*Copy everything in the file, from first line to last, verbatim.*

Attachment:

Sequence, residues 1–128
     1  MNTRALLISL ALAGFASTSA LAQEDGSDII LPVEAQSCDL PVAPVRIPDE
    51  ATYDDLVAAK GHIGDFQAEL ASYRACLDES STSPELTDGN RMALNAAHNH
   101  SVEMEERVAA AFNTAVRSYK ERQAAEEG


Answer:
Sequence, residues 1–128
     1  MNTRALLISL ALAGFASTSA LAQEDGSDII LPVEAQSCDL PVAPVRIPDE
    51  ATYDDLVAAK GHIGDFQAEL ASYRACLDES STSPELTDGN RMALNAAHNH
   101  SVEMEERVAA AFNTAVRSYK ERQAAEEG